Four Thoughts on the Women’s Race: Shalane’s Bid for Glory, Jeptoo’s Incredible Final 3 Miles, The 2:18 and 2:19 Clubs, and Desi Linden

April 21, 2014

Boston, MA – We’re assuming you know what happened in the women’s race at the 2014 Boston Marathon. If not, the Race Results Weekly recap of the women’s race is here. Video highlights are here.

Below is our analysis.

Flanagan Spent at the Finish Flanagan Spent at the Finish

1) Shalane Flanagan Blows It Runs Strong, Runs a 3:28 PB and Gives It Everything She Possibly Had

Shalane Flanagan wasted no time in this one and led the first 19 miles of the race, pushing the pace. Immediately, many of you on the message board felt uneasy. ‘What the hell is she doing?’

Running like she belonged would have been our answer. Flanagan may have only had a 2:25 pr coming in, but she is an Olympic silver medalist at 10,000m and a World Marathon Major runner-up. She showed no fear today.

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While it is fair to question whether it is wise to lead nearly every step of the first 20 miles of Boston, Shalane’s tactics did not cost her today. Rita Jeptoo ran phenomenally well today.

Shalane wasn’t going to win today, regardless of the tactics, and ran pretty well herself. Flanagan may have only finished 7th, but she ran 2:22:02, a time fastest enough to win every Boston marathon but two, 1994 and 2002. Before today only three women had ever run faster at Boston.

Flanagan’s coach Jerry Schumacher might have said it best when he texted, “She ran great today, unfortunately Jeptoo is the best in the world right now.”

Let’s rewind 31 years to 1983. Ratchet up the wind so there is a huge tailwind. An American goes out even faster than Shalane, clocking the first mile in 4:47. She then hits ten miles in 51:38, a minute and 10 seconds FASTER than Shalane ran today. That American dies much more in the second half than Shalane did today and ends up 41 seconds slower than Shalane today in 2:22:43.

The only difference was that American’s name was Joan Benoit Samuelson and her time in 1983 was a world record. The next year Samuelson went on to even greater glory by becoming the first women’s marathon gold medalist.

Shalane’s tactics may have been better suited to a different era, but the absolute end result today was still a pretty good run. We’re not going to criticize someone who led a race for nearly 20 miles and ran a 3:28 pb just because the result didn’t end up the way we wanted.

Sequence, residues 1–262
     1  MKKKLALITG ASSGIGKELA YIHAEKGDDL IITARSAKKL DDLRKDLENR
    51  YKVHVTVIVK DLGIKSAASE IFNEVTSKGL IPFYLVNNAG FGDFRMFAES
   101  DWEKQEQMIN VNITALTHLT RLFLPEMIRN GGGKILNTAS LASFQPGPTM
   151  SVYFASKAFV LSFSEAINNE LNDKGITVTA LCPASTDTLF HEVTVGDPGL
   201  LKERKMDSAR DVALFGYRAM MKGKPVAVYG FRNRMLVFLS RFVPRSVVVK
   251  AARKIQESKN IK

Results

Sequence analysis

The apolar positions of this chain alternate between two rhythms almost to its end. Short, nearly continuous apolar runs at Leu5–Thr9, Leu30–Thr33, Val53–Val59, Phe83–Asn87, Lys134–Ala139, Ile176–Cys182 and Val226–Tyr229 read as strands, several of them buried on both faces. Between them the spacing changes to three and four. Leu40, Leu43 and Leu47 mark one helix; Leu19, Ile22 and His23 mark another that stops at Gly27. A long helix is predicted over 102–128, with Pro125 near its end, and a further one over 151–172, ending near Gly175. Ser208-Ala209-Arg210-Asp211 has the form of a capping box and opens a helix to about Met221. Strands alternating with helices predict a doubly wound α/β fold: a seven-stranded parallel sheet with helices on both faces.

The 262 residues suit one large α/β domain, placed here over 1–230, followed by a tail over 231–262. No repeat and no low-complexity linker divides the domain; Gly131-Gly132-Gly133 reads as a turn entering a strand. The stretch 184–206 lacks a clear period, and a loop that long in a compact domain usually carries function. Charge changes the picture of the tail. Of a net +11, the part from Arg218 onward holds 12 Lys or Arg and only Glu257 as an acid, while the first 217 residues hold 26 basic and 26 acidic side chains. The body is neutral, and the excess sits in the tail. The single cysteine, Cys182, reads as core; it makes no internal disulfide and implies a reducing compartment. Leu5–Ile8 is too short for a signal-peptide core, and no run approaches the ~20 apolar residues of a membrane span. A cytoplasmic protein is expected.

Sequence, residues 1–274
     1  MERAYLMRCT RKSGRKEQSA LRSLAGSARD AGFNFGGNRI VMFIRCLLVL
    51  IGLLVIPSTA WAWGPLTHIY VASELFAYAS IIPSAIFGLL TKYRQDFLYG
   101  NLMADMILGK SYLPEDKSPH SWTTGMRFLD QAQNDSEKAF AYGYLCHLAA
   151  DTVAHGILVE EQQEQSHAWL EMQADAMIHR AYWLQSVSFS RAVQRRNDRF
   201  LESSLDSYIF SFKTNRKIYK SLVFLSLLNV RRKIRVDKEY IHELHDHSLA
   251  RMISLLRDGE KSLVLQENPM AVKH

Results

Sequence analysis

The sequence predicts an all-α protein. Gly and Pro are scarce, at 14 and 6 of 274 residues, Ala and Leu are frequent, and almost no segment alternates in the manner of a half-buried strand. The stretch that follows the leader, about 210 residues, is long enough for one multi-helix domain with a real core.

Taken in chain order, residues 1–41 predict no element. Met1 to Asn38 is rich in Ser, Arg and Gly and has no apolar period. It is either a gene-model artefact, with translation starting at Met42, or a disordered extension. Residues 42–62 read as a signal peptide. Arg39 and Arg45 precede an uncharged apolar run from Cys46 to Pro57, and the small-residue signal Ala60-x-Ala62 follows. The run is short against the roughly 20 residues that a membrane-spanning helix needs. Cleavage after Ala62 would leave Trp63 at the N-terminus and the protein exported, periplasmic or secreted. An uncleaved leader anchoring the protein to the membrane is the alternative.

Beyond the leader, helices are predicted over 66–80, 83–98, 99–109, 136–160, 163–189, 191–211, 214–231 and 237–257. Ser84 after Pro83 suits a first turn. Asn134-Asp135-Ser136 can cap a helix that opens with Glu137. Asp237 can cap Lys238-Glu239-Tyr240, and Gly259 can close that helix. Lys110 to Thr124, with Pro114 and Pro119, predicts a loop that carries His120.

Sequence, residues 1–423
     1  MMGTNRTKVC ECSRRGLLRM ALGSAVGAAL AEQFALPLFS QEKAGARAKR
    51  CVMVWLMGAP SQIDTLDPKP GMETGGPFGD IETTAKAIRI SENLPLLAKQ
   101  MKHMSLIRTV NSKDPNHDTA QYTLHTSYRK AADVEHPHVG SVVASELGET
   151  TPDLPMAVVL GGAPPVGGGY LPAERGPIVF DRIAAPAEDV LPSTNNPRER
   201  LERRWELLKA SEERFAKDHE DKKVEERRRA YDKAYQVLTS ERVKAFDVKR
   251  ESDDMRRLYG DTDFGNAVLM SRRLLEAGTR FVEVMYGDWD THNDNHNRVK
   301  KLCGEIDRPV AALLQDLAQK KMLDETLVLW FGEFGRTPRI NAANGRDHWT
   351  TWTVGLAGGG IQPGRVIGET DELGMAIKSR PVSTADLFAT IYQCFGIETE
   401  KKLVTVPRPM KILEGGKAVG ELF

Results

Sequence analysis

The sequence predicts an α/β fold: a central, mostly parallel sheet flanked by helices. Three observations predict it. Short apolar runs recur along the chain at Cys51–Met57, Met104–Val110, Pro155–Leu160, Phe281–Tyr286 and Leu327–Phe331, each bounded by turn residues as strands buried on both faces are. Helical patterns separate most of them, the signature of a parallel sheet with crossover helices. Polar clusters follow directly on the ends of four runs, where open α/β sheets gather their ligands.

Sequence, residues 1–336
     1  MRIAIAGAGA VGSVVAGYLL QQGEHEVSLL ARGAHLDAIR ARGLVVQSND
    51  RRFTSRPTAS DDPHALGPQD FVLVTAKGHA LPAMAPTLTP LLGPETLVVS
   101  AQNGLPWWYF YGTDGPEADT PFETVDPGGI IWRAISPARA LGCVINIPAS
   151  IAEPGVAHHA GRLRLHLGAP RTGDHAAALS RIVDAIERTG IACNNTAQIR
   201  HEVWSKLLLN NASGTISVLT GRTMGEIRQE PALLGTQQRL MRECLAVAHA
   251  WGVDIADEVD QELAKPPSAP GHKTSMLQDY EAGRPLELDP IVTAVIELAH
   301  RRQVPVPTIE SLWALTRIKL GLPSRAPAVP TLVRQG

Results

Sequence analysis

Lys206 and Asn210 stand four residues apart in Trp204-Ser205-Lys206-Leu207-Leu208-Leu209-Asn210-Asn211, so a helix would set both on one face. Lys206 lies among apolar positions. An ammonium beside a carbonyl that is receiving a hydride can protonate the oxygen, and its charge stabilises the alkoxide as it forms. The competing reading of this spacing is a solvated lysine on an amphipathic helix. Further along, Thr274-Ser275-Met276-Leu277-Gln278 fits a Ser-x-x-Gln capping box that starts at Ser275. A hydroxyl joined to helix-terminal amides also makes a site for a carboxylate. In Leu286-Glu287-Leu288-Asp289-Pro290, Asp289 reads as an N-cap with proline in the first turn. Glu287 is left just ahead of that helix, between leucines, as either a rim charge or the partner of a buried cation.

Shalane rightly after the race was very proud of the effort she put forth after the race. She thought there was no way she’d out-kick the incredible kicker Jeptoo late, so she tried to break her early:

I have a good friend in Joan Benoit Samuelson. For years now, she’s has told me to run my own race so today I just wanted to go out and do just that. And to see if it was good enough to win the laurel wreath. Sp I went for it. It was a no excuse day (the conditions were great).

The fans were deafening. I felt like my insides were hurting it was so loud.

I just wanted to put on my best performance and whatever I had in me to be poured out into the streets. I literally ran as hard as I could.

It definitely was worth it to give it my best. I don’t wish it was an easier (paced) race, I just wish I was better.

Below are Shalane’s and Rita Jeptoo’s 5k splits.

Shalane Flanagan Rita Jeptoo
5K 16:12 (16:12) 16:13 (16:13)
10K 16:22 (32:34) 32:35 (16:22)
15K 16:34 (49:08) 49:09 (16:34)
20K 16:41 (1:05:49) 1:05:50 (16:41)
Half 1:09:27 1:09:28 (3:38)
25K 1:22:26 1:22:26 (12:58)
30K 16:54 (1:39:20) 1:39:20 (16:54)
35K 17:18 (1:56:38) 1:56:22 (17:02)
40K 17:22 (2:14:00) 2:12:06 (15:44)
Finish 2:22:02 2:18:57 (6:51)

2) Rita Jeptoo Absolutely Crushes It – Her Last 3 Miles Were Almost Faster Than Meb’s

Rita Jeptoo became only the sixth women in the world to ever run sub 2:19, and by doing so she stamped her claim to being the best marathoner in the world currently.